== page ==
If deeply entrenched beliefs support the idea that the aforementioned systems are deeply flawed, or that the hierarchy and inherent authority of traditionalist systems are altogether stacked against you, it’s far easier to affirm this cognitive bias through selective perception and retention, and remain closer to “Extreme Distrust” on the spectrum if the individual is a black male. Again, I’m not saying its inevitable, just easier.
If you are a reformist starting with deep distrust in the aforementioned systems, disparities in treatment may be easier for you to detect if you are a white male. This combination would foster a much wider range of perspective, and bring the individual closer to the middle of the spectrum. Tolerance for more extreme viewpoints is more likely occur within this range, allowing the individual a greater ability to understand various facets impacting these issues.
If you are a traditionalist starting with deeply ingrained trust and respect for aforementioned systems and hold traditionalist values, disparities in treatment may be easier for you to detect as a black male. This combination would foster a much wider range of perspective, and bring the individual closer to the middle of the spectrum. Again, tolerance for more extreme viewpoints is more likely occur within this range, allowing the individual a greater ability to understand various facets impacting these issues.
In general, individual experiences within these systems differ greatly among white males and black males. Futher, personal experiences will likely weigh more on the “filter” or “selective perception” than the experiences of others. If the experiences and “filters” are different, the perception of reality will be different, as well. Thus, neither “Extreme Trust” or “Extreme Distrust” on both sides of the spectrum given the above stated parameters should be difficult to understand— especially given the current social climate.
That said, that doesn’t make either of them logical positions. Only understandable. This position can only occur if the individual is unable to consider the possibility that they may be in error in their judgment, or that their perception may be altered by their “filter” and instead influenced by their own expectations. This is what is called selective perception, a cognitive bias related to the way expectations affect perceptions. It’s also very common, even among those who do their best to remain unbiased.
That said, this bias does not inherently render the individuals incapable of empathy as some may conclude, though one could argue that it suggests that they have difficulty with conceptualization.
Huddle Up for “Meh”
The best place to be to understand this situation from all sides with the least amount of cognitive bias, as you can imagine, is to be dead in the center of that spectrum. It is called “Meh” not because it means the individual doesn’t care, but because it reflects a place of more understanding, less outrage, and tolerance for disagreement.
This last part is of particular significance and importance. More on that later.
Although it’s easier said than done, “Meh” is a magical place worth striving for. Within the boundaries of Normal “Meh” range, all of the compromise, and goal-oriented solutions are devised. In fact, it is from within this range that the Cowboys owner Jerry Jones kneels with his team, and then stands locked in arms for the National Anthem.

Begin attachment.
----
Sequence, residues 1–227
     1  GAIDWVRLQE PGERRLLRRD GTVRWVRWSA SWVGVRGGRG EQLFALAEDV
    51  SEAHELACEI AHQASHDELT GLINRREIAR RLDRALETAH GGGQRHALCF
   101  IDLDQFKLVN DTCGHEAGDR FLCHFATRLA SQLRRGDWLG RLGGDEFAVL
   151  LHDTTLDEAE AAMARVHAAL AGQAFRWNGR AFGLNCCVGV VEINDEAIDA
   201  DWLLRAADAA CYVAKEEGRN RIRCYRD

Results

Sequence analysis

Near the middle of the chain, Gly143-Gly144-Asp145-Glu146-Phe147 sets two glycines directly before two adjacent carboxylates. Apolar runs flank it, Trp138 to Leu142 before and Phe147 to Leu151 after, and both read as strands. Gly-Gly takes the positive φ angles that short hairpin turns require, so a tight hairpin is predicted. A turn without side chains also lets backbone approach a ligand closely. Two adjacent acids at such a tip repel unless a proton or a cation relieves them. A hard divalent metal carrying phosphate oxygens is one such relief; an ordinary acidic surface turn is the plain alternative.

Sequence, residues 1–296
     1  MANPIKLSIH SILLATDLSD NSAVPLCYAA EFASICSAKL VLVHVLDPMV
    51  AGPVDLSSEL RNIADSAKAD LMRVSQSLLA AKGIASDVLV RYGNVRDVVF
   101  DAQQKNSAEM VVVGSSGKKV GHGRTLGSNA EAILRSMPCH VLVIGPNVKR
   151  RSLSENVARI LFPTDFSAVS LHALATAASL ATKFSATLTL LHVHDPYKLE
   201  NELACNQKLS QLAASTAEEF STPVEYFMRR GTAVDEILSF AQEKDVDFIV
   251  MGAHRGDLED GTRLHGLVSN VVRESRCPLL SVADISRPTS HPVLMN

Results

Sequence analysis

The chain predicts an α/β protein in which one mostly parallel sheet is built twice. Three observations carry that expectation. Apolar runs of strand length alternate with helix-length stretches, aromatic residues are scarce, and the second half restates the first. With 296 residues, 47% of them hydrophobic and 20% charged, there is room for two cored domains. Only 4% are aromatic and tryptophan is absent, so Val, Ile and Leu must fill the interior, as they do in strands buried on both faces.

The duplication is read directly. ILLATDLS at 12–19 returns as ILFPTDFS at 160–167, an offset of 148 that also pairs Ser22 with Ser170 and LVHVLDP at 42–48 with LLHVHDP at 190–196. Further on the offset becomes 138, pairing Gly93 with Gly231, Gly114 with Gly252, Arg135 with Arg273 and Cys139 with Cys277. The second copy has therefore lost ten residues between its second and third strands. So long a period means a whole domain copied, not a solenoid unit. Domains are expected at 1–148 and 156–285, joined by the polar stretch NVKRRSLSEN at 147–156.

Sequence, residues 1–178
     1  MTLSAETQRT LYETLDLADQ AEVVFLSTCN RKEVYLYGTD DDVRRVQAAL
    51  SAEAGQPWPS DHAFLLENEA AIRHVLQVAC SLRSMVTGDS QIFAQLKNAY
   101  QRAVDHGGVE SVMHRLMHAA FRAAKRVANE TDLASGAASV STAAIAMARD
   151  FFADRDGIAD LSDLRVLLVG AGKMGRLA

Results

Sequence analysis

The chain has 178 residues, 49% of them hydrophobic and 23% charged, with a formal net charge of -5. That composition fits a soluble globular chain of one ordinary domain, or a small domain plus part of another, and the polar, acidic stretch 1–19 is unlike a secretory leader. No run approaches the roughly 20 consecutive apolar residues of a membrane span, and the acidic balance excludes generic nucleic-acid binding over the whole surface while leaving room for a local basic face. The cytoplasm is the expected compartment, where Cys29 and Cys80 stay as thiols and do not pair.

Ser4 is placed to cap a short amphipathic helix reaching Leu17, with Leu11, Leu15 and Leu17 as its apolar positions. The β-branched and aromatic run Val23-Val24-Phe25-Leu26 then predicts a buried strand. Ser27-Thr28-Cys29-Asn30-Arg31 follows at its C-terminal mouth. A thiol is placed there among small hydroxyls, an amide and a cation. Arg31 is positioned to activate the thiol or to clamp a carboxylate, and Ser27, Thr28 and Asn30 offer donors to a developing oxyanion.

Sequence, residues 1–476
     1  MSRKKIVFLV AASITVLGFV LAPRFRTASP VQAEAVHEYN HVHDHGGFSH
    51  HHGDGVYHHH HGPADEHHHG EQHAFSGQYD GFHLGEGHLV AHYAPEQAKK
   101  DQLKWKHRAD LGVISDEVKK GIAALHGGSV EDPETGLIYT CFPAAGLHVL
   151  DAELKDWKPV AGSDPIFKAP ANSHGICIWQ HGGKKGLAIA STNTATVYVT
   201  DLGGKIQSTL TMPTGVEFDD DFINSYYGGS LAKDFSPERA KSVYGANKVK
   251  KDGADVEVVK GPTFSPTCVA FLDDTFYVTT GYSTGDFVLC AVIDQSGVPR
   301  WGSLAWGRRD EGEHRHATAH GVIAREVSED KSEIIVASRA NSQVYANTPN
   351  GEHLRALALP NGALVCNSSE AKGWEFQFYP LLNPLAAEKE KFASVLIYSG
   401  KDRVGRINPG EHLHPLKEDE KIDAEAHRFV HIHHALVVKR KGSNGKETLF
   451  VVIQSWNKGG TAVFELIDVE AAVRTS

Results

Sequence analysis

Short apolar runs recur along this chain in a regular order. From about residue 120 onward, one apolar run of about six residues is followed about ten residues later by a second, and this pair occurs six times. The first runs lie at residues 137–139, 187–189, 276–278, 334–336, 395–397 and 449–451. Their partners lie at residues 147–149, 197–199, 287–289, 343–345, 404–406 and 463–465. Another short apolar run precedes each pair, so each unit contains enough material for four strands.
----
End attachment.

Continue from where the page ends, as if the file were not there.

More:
In a deeper understanding of both ends of the spectrum, he states that they “Won’t be divided.” This is where examples of patriotism and love for our country and fellow Americans happens, reaching across the “spectrum” divide in a show of respect for the people, respect for the country, and respect for the game.
While this magical “Meh” is great for the purpose of compromise and unity, it is also a philosophical place that also allows us to consider other facets of the issues plaguing our country today.
More “Facets” to Consider
The founder of BLM states, “Black Lives Matter is an ideological and political intervention in a world where Black lives are systematically and intentionally targeted for demise… and [about] our resilience in the face of deadly oppression.” While slavery has ended, that does not inherently mean hat the pervasive mentality that brought about slavery and segregation in the first place—the psychological need to oppress another race to feel better about themselves— diseappeared with abolishment. Futher, it is unlikely that those sentiments have not influenced criminal policies or law enforcement.
That said, I’d like you to recall that in the “General Observations”, it did not account for differences in socioeconomic status. However, these differences can have a profound affect on the range of perspective, as well as primary belief sets of trust and distrust of the systems. Without accounting for socioeconomic status as a variable, one may not even consider that more nuance may be involved in these issues than just race, alone.
For this part, I invite you to answer the following questions. Generally speaking, which two quadrants (shown left) have the highest rate of serving hard time in our prison system? Which two quadrants will serve the most time for committing the same crime? And, which two quadrants experience the most police brutality?
Further, is the division between race, or socioeconomic status?
The reason why I ask these questions
These questions are not meant to undermine the importance of BLM and their fight for racial equality. In fact, even among the answers to the above question, a black person wouldn’t have a better chance of avoiding prison than the poorest white person unless their household wealth exceeded a specific amount (around $70,000). Therefore, the system is still racially tilted, and that absolutely needs to be addressed.
Nevertheless, socioeconomic status should be considered as a major factor if the answers suggest that there is, indeed, a socioeconomic divide when answering those questions. And if this is true, would it be unfair to borrow verbiage from BLM and suggest that “Socioeconomically disadvantaged individuals may be systematically and intentionally targeted for demise and are suffering in the face of deadly oppression” as well?